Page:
Handyman production line

Haven't seen any comment in here about the project
Handyman seen at Newbury/Sodbury last time.
Nice early example -- 1907-ish. Had large Dublin
distributor brass plate. Probably 70% complete by
weight, but no vaporiser, hot bulb, or flywheels.
Many parts were a do-it-yourself kit. Brand new
castings for head, piston, governor assembly &
a variety of other stuff. High quality work --
most impressive, even if a bronze head would
presumably be the racing Handyman .....
Forgotten the serial number. Took lots of pix.
Don't know whether it sold.
If anyone is in serious need of 12" - 1 foot
Handyman castings, I can track the foundryman
down.
Colin
Reply to
Colin
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Oh ... BTW I should have said "brand new unmachined castings" Sorts out who would take on such a project!
Colin
Reply to
Colin
Colin,
I presume this was the same one at Sodbury for £1500 or near offer. It had a new con rod, piston, head, fuel tank, big end etc - none of which were machined.
I think I am correct in saying that the chap who is selling this did NOT have the patterns etc done himself. If I am correct, the chap who is funding the xrays/drawings/patterns has put a lot of time and money into it, in order to complete no less than two Petter Handyman engines from 2 less than half engines. The work he had done was first class. I think he had just about every part made except the crankcase and splash guard! Both will be like new engines when finished.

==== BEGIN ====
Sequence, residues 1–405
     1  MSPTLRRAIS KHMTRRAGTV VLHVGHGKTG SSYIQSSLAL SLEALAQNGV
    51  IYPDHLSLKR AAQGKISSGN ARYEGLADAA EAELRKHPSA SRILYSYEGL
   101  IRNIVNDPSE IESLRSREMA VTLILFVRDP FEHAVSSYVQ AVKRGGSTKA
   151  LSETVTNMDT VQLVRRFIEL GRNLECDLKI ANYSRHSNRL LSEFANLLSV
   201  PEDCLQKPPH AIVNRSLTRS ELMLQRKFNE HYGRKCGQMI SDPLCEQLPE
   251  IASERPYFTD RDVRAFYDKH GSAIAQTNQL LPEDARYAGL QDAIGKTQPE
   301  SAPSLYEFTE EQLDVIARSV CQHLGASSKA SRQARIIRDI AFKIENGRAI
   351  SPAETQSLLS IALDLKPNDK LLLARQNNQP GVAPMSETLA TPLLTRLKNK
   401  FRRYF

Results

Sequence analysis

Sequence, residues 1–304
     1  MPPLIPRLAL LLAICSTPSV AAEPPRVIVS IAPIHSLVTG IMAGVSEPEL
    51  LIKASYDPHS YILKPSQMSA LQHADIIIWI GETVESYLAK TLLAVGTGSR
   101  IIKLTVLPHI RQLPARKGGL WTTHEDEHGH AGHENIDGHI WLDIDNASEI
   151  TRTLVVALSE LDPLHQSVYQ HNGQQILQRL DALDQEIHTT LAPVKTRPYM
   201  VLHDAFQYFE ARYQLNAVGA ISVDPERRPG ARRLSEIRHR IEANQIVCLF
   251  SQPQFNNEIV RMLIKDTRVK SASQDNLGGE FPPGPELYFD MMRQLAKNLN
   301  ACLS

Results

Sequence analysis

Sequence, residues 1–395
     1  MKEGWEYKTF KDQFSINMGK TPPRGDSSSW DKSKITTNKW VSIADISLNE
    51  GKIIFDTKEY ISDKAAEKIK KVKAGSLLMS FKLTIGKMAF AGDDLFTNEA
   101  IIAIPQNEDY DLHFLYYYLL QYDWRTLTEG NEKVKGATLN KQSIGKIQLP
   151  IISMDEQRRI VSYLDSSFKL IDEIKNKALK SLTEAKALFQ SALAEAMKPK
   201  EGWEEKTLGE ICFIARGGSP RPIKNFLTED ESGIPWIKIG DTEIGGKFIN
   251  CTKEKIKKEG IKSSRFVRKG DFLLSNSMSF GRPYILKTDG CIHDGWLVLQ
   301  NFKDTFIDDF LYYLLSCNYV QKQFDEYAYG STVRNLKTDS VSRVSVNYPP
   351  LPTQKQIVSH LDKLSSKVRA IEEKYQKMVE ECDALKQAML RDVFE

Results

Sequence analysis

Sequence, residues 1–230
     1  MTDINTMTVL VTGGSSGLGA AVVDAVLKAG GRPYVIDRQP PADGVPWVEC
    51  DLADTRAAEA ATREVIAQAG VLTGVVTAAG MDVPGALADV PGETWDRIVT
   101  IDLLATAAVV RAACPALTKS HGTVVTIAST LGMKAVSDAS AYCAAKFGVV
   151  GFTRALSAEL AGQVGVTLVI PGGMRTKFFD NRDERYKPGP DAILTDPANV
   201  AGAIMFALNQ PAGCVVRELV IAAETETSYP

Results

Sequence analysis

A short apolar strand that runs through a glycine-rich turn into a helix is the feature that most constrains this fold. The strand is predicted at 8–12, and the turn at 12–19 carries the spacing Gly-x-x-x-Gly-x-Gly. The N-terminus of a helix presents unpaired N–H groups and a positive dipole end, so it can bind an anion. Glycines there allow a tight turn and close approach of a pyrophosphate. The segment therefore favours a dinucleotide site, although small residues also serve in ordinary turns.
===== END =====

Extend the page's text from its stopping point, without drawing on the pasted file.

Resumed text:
Regards
Chris Bedo Kent UK
Reply to
Chris Bedo
'Twas the very same. One difference will be that any original Handyman has the works number cut into every component -- right down to the gib keys.
The patternmaker/fouindryman is in East Anglia. Excellent work. I'm pretty sure the Sodbury engine had an original fuel tank, but was missing the big brass butterfly filler & drain tap.
Colin
Reply to
Colin
Hmm, this raises the inevitable question....
When does an engine cease to be a restoration and become a fake?
More than half replaced with new parts?
Fortunately most of the engines I play with are not of a value where it would be financially viable to do this. I can well imagine if I found a rare but incomplete beast, wanting to get it up and running, but surely a more ethical approach would be to stamp the replacement parts with the year of casting.
I'd be most interested to hear other's thoughts.